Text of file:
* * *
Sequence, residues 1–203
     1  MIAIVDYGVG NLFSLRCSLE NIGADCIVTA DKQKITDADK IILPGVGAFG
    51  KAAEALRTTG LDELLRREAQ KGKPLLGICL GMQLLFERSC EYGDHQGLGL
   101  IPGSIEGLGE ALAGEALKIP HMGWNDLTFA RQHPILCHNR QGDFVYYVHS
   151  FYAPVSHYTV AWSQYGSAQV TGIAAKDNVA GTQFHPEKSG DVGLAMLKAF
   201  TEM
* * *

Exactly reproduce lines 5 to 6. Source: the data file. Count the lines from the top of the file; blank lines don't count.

   151  FYAPVSHYTV AWSQYGSAQV TGIAAKDNVA GTQFHPEKSG DVGLAMLKAF
   201  TEM